Twin-Control pp 125-136 | Cite as

Data Monitoring and Management for Machine Tools

  • Tobias FuertjesEmail author
  • Christophe Mozzati
  • Flavien Peysson
  • Aitor Alzaga
  • Mikel Armendia
Open Access


Data monitoring is a key feature in current manufacturing industry. It provides the chance to know how the machine tool and the machining process are performing and opens further opportunities to improve process performance at various levels (maintenance, process control and even feedback to design). Twin-Control proposes a monitoring and data management architecture for machine tools. It consists of a modular local monitoring equipment that is flexible to cover most of the machine tool configurations. Monitored data at local level is uploaded to a cloud platform to perform fleet-level analysis. The proposed architecture has been working for almost two years, providing an excellent source of real data used as a basis for the rest of developments of Twin-Control.


Monitoring Data management Fleet Cloud Analytics 

7.1 Introduction

Twin-Control concept combines the development of holistic simulation models with the knowledge of the performance of the real machines and processes. To deal with this second part, a data monitoring infrastructure must be implemented so that required information is acquired, managed and analyzed properly.

The approach used in Twin-Control consists in the installation of a local monitoring hardware that acquires internal variables of the machine, collects data of additional sensors and uploads all data to a cloud platform [1]. ARTIS Genior modular is used for the local monitoring, and PREDICT’s KASEM® is used as cloud platform for data analysis. A fleet-level data analysis will be performed by integrating all the information coming from the different machines.

This chapter is structured as follows. After a brief introduction, an overview of the equipment to be monitored and integrated in Twin-Control is presented. The third-section presents the different architectures proposed to cover all the use cases. Finally, the conclusions are presented.

7.2 Monitored Equipment

Figure 7.1 presents all the machine use cases monitored in Twin-Control project. As it can be observed, a total of 12 machine tools have been monitored. Each of the industrial validation scenarios includes three machines. For the aerospace validation scenario, located at MASA aerospace structural manufacturer installations (Agoncillo, Spain), three GEPRO machines were selected as use cases, named as Use cases 1–3. The machines present a similar architecture, but they differ in the number of axes and spindles. For the automotive validation scenario, located at RENAULT automotive component manufacturer (Cleon, France), three COMAU Urane machines were selected, named as Use cases 4–6.
Fig. 7.1

Map of Twin-Control monitored and connected machine tools

Three more use cases have been monitored to test and validate Twin-Control developments during the project:
  • Use case 7: CHIRON milling machine, located at ARTIS (Egestorf, Germany), to validate monitoring tools and test new features (NC Simulation).

  • Use case 8: GORATU 5 axis milling machine, located at TEKNIKER (Eibar, Spain), to validate machine tool characterization procedure.

  • Use case 9: EMAG machine, located at the ETA-FACTORY (Darmstadt, Germany), to test and validate energy efficiency models.

Finally, three additional machines, located at relevant research locations, have been taken to implement Twin-Control features and present them to the scientific and industrial community:
  • Use case 10: Starrag EcoSpeed milling machine, located at the AMRC (Sheffield, UK), to disseminate process models and monitoring developments.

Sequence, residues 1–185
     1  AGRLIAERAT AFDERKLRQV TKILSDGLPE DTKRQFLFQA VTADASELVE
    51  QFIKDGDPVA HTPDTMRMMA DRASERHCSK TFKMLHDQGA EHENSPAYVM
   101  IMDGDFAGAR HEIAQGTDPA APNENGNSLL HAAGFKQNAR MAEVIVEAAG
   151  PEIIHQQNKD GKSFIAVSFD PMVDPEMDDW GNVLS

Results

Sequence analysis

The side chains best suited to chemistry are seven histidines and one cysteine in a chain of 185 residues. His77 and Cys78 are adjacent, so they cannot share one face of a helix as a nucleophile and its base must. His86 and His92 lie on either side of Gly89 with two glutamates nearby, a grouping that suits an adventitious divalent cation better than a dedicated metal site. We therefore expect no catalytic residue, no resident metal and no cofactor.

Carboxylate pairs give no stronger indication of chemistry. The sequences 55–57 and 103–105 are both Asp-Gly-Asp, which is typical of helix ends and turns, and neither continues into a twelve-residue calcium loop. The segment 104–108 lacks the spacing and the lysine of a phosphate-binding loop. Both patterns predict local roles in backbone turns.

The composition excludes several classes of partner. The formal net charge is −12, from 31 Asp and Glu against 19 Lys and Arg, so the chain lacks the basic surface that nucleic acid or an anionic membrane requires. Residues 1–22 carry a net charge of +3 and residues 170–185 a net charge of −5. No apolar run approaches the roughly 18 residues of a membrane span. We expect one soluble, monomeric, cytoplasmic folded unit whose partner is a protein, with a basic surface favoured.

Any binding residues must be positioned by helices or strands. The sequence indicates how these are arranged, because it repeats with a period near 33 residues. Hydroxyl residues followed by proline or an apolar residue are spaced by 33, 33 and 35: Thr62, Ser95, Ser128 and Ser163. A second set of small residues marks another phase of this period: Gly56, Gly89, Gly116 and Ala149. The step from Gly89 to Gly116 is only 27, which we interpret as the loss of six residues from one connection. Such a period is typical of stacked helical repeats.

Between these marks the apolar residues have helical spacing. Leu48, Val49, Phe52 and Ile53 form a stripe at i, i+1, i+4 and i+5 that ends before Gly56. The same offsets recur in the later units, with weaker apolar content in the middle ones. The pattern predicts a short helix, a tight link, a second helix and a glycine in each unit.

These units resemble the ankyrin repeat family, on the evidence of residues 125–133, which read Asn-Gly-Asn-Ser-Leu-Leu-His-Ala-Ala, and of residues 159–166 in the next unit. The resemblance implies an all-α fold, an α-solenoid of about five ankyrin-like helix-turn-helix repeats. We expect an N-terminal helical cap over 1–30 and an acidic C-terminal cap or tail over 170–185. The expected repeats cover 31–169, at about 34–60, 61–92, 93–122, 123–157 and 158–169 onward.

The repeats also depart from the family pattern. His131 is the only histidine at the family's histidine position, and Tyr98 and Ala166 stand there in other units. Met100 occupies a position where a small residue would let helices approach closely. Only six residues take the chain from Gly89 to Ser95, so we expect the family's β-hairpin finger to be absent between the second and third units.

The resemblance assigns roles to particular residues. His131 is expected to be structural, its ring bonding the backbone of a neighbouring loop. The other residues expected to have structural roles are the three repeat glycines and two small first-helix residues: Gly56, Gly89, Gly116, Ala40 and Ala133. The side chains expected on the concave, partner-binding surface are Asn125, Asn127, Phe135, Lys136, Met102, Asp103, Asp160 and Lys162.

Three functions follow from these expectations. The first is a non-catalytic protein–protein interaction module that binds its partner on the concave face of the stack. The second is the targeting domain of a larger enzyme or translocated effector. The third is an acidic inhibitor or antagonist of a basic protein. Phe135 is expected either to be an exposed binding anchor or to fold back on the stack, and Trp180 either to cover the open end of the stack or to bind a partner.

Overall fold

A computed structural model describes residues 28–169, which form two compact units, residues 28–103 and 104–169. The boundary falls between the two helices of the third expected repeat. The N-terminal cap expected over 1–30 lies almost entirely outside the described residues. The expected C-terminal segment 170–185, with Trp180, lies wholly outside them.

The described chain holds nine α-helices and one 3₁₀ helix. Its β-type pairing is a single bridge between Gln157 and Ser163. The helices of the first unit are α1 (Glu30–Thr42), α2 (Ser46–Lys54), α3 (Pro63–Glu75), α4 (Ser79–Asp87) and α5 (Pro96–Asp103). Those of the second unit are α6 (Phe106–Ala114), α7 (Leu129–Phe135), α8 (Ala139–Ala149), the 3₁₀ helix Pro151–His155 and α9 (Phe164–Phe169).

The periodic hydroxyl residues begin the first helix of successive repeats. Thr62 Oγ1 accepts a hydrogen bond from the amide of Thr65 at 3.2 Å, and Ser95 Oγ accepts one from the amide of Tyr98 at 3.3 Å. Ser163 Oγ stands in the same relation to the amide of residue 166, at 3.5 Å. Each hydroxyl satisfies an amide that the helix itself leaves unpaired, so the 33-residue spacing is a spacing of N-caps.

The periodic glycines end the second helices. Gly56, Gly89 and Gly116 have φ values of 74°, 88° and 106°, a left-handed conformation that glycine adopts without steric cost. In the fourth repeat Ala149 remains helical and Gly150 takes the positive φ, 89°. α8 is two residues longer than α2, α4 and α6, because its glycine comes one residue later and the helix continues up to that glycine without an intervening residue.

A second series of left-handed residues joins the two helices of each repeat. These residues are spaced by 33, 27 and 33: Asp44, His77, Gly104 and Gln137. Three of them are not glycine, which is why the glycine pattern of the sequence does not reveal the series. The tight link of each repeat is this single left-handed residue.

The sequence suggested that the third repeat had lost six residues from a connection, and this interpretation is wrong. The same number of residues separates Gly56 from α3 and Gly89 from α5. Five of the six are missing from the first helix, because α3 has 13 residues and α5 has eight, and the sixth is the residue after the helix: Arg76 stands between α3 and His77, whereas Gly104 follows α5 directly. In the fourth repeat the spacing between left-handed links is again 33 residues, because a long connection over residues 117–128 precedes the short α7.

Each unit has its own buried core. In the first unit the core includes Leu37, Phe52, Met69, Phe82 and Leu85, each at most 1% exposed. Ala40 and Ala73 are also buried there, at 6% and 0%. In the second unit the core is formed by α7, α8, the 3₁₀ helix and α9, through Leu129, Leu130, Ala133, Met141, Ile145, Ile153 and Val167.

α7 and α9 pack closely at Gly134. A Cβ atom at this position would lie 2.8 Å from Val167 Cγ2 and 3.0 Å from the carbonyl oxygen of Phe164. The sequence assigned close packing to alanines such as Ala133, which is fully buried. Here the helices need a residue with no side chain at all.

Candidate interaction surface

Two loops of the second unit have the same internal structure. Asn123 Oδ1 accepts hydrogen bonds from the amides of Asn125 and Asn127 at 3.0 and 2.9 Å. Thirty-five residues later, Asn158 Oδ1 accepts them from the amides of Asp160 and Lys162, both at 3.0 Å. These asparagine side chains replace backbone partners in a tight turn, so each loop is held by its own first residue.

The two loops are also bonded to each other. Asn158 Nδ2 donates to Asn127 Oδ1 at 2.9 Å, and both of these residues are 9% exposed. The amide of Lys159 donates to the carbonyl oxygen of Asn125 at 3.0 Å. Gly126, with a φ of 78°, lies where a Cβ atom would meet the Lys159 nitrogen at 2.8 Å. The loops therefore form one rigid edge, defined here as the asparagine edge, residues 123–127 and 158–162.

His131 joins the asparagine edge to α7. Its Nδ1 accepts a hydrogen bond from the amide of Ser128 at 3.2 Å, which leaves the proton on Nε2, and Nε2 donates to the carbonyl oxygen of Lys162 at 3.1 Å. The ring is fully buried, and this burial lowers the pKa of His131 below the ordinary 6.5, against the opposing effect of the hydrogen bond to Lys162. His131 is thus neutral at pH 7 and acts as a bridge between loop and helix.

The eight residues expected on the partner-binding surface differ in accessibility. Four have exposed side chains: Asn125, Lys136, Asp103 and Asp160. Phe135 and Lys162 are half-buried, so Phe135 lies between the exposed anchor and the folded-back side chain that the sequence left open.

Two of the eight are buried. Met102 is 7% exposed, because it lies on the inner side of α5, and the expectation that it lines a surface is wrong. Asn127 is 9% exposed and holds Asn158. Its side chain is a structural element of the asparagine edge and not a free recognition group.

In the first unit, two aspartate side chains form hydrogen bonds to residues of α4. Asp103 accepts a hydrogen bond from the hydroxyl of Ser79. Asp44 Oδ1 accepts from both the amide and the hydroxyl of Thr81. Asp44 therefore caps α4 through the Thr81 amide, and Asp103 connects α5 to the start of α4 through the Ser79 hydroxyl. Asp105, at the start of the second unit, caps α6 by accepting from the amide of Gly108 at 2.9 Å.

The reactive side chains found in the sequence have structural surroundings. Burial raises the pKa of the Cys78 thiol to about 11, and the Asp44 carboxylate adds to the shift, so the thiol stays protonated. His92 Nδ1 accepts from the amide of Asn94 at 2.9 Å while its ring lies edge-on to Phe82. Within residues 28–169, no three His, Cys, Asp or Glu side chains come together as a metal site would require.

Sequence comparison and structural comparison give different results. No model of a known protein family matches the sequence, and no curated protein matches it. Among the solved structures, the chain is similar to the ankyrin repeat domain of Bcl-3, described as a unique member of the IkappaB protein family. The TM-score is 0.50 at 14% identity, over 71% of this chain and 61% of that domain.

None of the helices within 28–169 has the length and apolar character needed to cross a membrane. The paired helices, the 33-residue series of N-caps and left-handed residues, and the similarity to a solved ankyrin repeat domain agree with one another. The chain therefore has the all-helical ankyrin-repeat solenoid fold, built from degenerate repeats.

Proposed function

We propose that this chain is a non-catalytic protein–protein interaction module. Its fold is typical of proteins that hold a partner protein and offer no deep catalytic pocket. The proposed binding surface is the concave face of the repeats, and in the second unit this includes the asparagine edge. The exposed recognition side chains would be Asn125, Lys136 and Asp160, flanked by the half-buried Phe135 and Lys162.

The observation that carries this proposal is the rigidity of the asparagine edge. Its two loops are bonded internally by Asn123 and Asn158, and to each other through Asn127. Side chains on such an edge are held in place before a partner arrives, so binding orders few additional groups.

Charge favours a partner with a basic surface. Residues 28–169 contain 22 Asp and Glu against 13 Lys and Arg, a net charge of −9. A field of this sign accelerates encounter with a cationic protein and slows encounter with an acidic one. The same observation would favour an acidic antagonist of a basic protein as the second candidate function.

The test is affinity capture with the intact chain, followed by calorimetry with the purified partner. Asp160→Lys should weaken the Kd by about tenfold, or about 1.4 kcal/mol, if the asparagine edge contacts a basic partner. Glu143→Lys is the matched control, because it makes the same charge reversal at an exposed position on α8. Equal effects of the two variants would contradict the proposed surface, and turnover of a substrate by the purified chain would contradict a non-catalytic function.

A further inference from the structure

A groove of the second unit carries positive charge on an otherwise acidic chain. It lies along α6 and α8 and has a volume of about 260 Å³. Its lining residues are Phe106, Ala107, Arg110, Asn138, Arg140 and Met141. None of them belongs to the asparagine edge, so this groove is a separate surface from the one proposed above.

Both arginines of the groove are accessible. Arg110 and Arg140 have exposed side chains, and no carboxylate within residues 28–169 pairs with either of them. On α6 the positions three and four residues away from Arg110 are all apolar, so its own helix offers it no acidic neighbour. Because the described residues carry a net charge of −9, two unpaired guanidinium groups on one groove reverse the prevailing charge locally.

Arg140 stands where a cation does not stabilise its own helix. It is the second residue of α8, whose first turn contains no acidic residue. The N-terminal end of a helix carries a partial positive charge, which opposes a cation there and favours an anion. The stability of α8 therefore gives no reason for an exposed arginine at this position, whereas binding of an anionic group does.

• Use case 11: GMTK vertical lathe, located at the recently opened Basque Advance Manufacturing Centre (Zamudio, Spain), to show Machine Tool characterization procedure, among other features.

  • Use case 12: a second EMAG machine, located at the ETA-FACTORY (Darmstadt, Germany), to promote energy efficiency features.

The different use cases show a heterogeneous mixture of CNC models and communication-field buses, which represent the typical state for machine tool users. With this variety, it is difficult to determine a unique local monitoring architecture. In the next section, the different implemented architectures are detailed.

7.3 Implemented Monitoring Architecture

In each use case, monitoring hardware has been installed. Figure 7.2 presents a diagram showing the generic monitoring architecture used in Twin-Control project. However, depending on use case specifications and requirements, this generic architecture is adapted.
Fig. 7.2

Generic monitoring architecture applied in Twin-Control project

The modular configuration provided by ARTIS is perfectly suited to cover the heterogeneous applications. Figure 7.3 shows the integrated hardware in two of the industrial use cases.
Fig. 7.3

Monitoring hardware installations in Twin-Control: a COMAU Urane machine from automotive validation scenario; b GEPRO 502 machine from aerospace validation scenario

ARTIS Genior modular (GEM) is the data acquisition module that can get real-time CNC/PLC data (around 100 Hz sampling, depending on the application). Also, an HMI visualization with any PC which is connected to the plant network is possible. For the real-time connection with the CNC, two different protocols are available. For the aerospace use cases, with FAGOR 8065 CNCs, an ARTIS FAGOR-CANopen protocol has been developed. This protocol allows a real-time monitoring of 32 bytes per sample. For the Twin-Control project, 28 bytes have been used to process data and 4 bytes have been reserved to identification and process information. To increase the number of possible real-time monitored signals, the CANopen sample rate was reduced to 4 ms. By combining two CANopen channels, real-time monitoring of 56 bytes (24 variables) with a sample rate of 8 ms is provided. For the machines located at the automotive validation scenario, mounting SIEMENS 840D CNC, PROFIBUS protocol is used to connect ARTIS GEM with machines PLC. This protocol enables system to exchange up to 16 CNC sensor signals in parallel. For some other use cases, as GORATU machine located at TEKNIKER, two of these devices are installed to increase the real-time monitoring variables up to 32.